Fig. 4. Percentage removal of O&G and bacterial survival during biodegradation of food
industry effluent at different time intervals.


I.E. Affandi et al. / International Biodeterioration & Biodegradation 95 (2014) 33e40

Fig. 6. Effect of initial OLR on the removal of oil and grease for S. marcescens (C 19320)
during biodegradation of food industry effluent.

Fig. 5. Effect of different POME concentrations on O&G removal and CFU ml1 by
Bacillus cereus (UTM6): (a) 20%, (b) 40%, (c) 60%, (d) 80% and (e) 100%.

attributed to the alteration of the O&G structures due to the low/
high pH values that would allow abiotic degradation process to
occur (Leahy and Colwell, 1990). Verstraete et al. (1976) reported
the increase in the degradation rate of gasoline in soil when the pH

Fig. 7. Effect of pH on O&G degradation and cell concentration of B. cereus (UTM6): (a)
pH 6, (b) pH 6.5, and (c) pH 7.

I.E. Affandi et al. / International Biodeterioration & Biodegradation 95 (2014) 33e40


resulted in gradual reduction in O&G removal capacity as follows:
pH 7.0e77%, pH 6.0e72% and pH 5.0e71% (Fig. 9). Together with the
high concentration of lipid in the food industry wastewater and the
fact that optimum pH for lipase production and activity is 8.0, this
should directly explain pH 8.0 being the optimum pH for O&G
degradation by S. marcescens (C 19320). A point to note is the optimum pH of 8.0 that may prove advantageous for the survival of
bacterial cells during real application where a low pH (due to the
accumulation of high VFA concentration) has been reported to
inhibit bacterial growth (Stafford, 1982) resulting in drastic reduction of O&G removal level and possible reactor failure. Thus, the
concentration of volatile fatty acids (VFA) should also be used as
one of the parameters to be monitored during bioreactor operation
(Buyukkamaci and Filibeli, 2004).
Fig. 8. Effect of pH for oil and grease degradation in electrical and electronic

Fig. 9. Effect of pH on the removal of oil and grease for S. marcescens (C 19320) during
biodegradation of synthetic food industry effluent.

3.3.3. Effect of nutrient supplementation
The percentage of O&G degradation by A. hydrophila (UTM2) in
the presence of carbon and nitrogen supplementation is shown in
Fig. 10. The addition of either 1 g l1 of lactose, tryptone, (NH4)2SO4
or succinic acid into E&E wastewater resulted in complete removal
of O&G with high concentration of surviving cell between 107 and
109 CFU ml1. Other carbon and nitrogen sources supplementation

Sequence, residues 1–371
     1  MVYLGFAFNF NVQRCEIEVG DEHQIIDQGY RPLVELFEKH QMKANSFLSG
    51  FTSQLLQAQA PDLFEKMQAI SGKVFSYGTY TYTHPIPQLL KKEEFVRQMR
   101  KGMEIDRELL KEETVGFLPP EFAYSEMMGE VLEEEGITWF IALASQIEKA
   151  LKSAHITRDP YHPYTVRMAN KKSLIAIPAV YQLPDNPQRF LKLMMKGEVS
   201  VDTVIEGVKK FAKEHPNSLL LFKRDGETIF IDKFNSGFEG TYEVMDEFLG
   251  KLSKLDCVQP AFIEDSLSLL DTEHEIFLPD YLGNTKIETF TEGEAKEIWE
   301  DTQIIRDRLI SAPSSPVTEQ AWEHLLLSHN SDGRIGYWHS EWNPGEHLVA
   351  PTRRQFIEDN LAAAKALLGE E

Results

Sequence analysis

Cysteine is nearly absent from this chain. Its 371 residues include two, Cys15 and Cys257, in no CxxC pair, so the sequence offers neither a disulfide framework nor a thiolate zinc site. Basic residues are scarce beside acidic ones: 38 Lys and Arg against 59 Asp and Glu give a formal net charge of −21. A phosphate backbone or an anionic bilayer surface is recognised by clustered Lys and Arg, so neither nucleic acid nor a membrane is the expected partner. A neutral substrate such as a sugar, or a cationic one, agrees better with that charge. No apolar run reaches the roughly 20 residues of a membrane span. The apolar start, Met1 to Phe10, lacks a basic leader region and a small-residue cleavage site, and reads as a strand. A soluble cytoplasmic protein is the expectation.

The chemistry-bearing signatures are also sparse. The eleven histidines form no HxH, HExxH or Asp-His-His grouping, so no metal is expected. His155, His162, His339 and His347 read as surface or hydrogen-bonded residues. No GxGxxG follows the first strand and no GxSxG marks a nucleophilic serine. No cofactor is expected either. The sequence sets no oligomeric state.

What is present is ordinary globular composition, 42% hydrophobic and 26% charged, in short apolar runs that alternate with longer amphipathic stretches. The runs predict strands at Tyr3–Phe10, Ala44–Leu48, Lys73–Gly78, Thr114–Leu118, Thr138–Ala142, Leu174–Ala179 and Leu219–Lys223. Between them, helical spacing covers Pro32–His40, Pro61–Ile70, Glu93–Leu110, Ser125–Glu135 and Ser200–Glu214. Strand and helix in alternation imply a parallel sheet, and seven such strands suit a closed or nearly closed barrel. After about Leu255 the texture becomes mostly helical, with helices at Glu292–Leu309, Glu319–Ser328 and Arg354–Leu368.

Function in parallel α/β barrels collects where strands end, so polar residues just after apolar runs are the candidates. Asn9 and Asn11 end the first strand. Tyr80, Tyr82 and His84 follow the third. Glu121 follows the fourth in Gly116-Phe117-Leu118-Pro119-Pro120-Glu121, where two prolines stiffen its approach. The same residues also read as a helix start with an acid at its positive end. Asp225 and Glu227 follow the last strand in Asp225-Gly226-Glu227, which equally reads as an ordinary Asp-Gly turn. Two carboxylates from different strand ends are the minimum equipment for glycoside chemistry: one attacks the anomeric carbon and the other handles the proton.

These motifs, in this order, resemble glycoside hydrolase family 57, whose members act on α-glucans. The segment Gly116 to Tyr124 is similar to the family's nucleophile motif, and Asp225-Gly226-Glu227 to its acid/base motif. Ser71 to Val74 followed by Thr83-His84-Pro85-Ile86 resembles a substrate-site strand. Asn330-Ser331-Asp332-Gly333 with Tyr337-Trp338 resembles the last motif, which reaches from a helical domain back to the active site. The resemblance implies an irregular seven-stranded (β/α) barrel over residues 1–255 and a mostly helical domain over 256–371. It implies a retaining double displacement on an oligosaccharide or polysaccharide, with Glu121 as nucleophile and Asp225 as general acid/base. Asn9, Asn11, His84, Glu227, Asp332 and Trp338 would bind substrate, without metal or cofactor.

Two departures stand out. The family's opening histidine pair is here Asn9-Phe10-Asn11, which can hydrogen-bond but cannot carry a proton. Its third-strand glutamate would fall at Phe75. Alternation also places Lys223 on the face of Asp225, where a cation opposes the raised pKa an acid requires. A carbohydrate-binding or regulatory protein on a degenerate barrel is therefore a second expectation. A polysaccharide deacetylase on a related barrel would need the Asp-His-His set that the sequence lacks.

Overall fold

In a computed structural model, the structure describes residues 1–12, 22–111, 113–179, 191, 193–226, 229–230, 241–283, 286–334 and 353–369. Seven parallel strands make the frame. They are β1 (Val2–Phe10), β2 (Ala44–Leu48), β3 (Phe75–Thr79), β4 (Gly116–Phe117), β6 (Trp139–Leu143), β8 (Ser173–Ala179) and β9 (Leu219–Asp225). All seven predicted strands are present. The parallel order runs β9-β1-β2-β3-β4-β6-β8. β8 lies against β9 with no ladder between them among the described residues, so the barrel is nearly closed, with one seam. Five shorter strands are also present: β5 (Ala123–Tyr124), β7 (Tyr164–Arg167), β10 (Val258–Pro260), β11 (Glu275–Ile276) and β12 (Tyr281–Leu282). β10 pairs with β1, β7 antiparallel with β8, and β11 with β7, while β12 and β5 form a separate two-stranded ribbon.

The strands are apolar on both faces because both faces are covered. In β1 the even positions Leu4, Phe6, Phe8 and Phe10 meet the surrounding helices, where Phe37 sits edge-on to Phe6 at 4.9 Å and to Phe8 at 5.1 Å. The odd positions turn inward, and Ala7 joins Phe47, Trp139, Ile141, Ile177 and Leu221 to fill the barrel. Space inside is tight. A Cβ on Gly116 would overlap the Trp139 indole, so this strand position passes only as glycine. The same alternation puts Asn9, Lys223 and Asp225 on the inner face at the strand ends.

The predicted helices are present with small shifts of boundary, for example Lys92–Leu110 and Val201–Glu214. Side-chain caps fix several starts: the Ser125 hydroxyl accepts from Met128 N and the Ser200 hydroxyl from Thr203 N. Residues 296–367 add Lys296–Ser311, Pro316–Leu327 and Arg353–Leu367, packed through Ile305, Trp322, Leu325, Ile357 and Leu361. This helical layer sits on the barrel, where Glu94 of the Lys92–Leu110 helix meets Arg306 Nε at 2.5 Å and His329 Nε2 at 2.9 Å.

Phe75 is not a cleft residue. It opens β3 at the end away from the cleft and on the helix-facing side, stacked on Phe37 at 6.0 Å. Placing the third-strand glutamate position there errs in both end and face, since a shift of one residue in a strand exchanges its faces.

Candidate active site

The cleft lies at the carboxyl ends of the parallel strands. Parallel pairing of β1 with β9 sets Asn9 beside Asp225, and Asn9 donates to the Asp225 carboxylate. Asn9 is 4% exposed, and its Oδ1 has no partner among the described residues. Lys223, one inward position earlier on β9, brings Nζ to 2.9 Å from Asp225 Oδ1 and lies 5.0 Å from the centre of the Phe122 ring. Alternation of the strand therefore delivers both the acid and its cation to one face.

resulted in high O&G degradation, i.e. 91% (NH4NO3), 96% (Lalanine), 94% (urea) and 88% (glucose). Control experiments
(without the addition of bacterial cells) showed minimal role of
abiotic degradation with values ranging from 1.33 to 12.96%.
Various studies reported the effect of carbon supplementation toward the production of biosurfactant by bacteria which ultimately
increased the biodegradation process (Nitschke et al., 2005; Gouda
et al., 2007; Abouseoud et al., 2007). However, Gouda et al. (2007)
reported that the addition of glucose as a co-substrate strongly
inhibits the degradation of kerosene by Gordonia sp. DM. Similar
situation was reported by Leahy and Colwell (1990) where the
supplementation of nutrient would limit the microbial degradation
of hydrocarbons.
4. Conclusion

was increased from 4.5 to 7.4. However, the degradation value
dropped significantly when the pH increased to pH 8.5.
pH 8.0 was determined as the optimum pH for O&G degradation
of food industry wastewater by S. marcescens (C 19320) with
highest O&G removal of 91%. However, decrease in pH values

This study demonstrates the potential application of a bacterialbased O&G removal system as a cost-effective and environmentalfriendly process. The ability of the bacterial isolates to breakdown
O&G is advantageous as this would limit the need to supplement
the system with the normally expensive complex or synthetic

Fig. 10. Percentage of O&G degradation by Aeromonas hydrophila (UTM2) in the presence of carbon and nitrogen supplementation.


I.E. Affandi et al. / International Biodeterioration & Biodegradation 95 (2014) 33e40

growth medium. Nevertheless, more studies need to be carried out
such as evaluation of the continuous/pilot-scale before any attempts on introduction of the system to the industry.
The authors would like to thank the Ministry of Higher Education (MOHE), Malaysia for the MyMaster scholarship award to
Iezzat Emeer Affandi and Nur Haizarisha Suratman. Our sincere
gratitude also to Universiti Teknologi Malaysia for the Research
University Grant (03H84, 02H84) and Universiti Tun Hussien Onn
(UTHM) for the SLAI scheme to Shakilah Abdullah.